WINETASTER ON 11/06/18 WITH 8 JUDGES AND 8 WINES BASED ON RANKS, IDENT=N Copyright (c) 1995-2003 Richard E. Quandt, V. 1.65

A Tasting of Phelps Insignia

FLIGHT 1: Number of Judges = 8 Number of Wines = 8

Identification of the Wine: The judges' overall ranking:

Wine A is 1997 ........ 7th place Wine B is 2006 ........ 4th place Wine C is 1992 ........ 8th place Wine D is 2007 ........ 5th place Wine E is 2013 ........ 3rd place Wine F is 2004 ........ 2nd place Wine G is 2001 ........ 1st place Wine H is 2005 ........ 6th place

The Judges's Rankings

Judge Wine -> A B C D E F G H Orley 6. 5. 8. 4. 2. 1. 3. 7. Bob 2. 4. 6. 5. 7. 1. 3. 8. Ed 8. 1. 7. 6. 5. 4. 2. 3. Burt 6. 5. 7. 3. 1. 2. 4. 8. Dean 8. 2. 6. 4. 5. 7. 1. 3. Mike 8. 5. 6. 2. 1. 7. 4. 3. Zaki 6. 7. 8. 1. 5. 3. 2. 4. Dick 1. 3. 6. 8. 4. 2. 5. 7.

Table of Votes Against Wine -> A B C D E F G H

Group Ranking -> 7 4 8 5 3 2 1 6 Votes Against -> 45 32 54 33 30 27 24 43

( 8 is the best possible, 64 is the worst)

Here is a measure of the correlation in the preferences of the judges which ranges between 1.0 (perfect correlation) and 0.0 (no correlation):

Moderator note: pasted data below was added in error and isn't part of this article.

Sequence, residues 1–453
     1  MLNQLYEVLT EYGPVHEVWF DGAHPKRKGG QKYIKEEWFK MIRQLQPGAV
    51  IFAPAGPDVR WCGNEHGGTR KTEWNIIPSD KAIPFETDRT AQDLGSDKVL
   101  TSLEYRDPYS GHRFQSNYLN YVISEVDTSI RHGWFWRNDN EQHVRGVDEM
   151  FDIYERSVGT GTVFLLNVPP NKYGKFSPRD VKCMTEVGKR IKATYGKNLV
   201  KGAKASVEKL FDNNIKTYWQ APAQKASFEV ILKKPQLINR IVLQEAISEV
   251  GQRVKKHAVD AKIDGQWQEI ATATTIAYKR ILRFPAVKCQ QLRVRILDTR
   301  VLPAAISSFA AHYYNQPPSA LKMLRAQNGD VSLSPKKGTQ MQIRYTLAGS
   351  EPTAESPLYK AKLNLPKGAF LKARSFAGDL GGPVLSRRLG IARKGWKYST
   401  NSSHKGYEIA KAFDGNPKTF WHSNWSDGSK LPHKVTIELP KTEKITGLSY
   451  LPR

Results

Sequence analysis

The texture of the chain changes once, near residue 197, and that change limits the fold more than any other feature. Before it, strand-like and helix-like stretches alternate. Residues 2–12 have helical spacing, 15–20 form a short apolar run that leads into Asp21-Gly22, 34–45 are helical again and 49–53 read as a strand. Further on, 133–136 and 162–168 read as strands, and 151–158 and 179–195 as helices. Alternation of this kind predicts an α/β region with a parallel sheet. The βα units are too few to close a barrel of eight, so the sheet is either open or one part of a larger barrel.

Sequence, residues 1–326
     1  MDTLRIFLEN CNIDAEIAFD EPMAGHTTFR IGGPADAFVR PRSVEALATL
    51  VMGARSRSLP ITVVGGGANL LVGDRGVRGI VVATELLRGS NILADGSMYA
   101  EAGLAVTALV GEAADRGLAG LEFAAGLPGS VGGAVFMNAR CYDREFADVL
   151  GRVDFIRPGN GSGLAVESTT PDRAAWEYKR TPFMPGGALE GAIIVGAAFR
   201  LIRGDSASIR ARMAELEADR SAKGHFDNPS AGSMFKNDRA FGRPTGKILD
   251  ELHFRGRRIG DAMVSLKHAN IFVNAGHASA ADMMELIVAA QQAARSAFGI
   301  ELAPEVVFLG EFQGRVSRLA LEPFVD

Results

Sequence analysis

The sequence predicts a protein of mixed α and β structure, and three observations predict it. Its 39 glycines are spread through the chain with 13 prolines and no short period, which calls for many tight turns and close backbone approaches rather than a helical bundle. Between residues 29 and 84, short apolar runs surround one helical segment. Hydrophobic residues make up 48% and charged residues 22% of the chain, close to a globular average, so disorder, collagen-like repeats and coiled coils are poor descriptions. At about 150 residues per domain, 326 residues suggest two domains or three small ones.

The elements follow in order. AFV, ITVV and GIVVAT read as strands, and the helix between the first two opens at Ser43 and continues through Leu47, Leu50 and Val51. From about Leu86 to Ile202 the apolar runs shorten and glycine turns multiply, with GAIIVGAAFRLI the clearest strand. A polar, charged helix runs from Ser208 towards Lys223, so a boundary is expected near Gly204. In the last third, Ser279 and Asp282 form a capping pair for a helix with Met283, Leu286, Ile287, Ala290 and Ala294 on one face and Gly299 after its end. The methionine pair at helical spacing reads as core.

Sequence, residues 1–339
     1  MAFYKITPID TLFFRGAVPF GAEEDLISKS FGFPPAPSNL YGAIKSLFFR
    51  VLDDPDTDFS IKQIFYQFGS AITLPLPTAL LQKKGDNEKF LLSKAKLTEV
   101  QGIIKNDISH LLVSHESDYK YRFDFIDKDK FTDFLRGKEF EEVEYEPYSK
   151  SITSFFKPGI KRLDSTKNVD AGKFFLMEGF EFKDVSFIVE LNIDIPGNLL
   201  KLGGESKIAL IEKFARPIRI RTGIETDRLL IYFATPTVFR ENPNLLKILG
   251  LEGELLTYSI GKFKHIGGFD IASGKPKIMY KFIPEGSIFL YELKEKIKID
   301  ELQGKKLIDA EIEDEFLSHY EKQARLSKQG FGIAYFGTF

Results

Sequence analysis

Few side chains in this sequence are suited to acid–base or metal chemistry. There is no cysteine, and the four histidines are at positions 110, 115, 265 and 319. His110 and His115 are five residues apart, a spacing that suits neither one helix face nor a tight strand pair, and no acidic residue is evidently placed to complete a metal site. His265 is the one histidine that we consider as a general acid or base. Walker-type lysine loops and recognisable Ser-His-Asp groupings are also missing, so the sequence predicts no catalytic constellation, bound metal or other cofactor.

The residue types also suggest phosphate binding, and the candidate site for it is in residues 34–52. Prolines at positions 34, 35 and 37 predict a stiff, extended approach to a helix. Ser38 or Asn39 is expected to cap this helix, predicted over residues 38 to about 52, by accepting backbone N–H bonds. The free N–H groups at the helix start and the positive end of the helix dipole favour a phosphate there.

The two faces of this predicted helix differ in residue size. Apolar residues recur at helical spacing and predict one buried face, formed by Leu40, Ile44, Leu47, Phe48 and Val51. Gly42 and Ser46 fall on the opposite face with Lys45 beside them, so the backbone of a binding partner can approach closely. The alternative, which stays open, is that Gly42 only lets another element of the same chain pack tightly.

W = 0.2753

The probability that random chance could be responsible for this correlation is quite small, 0.0310. Most analysts would say that unless this probability is less than 0.1, the judges' preferences are not strongly related. We now analyze how each taster's preferences are correlated with the group preference. A correlation of 1.0 means that the taster's preferences are a perfect predictor of the group's preferences. A 0.0 means no correlation, while a -1.0 means that the taster has the reverse ranking of the group. This is measured by the correlation R.

Correlation Between the Ranks of Each Person With the Average Ranking of Others

Name of Person Correlation R Orley 0.8095 Burt 0.6190 Zaki 0.5302 Ed 0.4048 Bob 0.2036 Dean 0.1190 Mike 0.0120 Dick -0.0958

The wines were preferred by the judges in the following order. When the preferences of the judges are strong enough to permit meaningful differentiation among the wines, they are separated by -------------------- and are judged to be significantly different.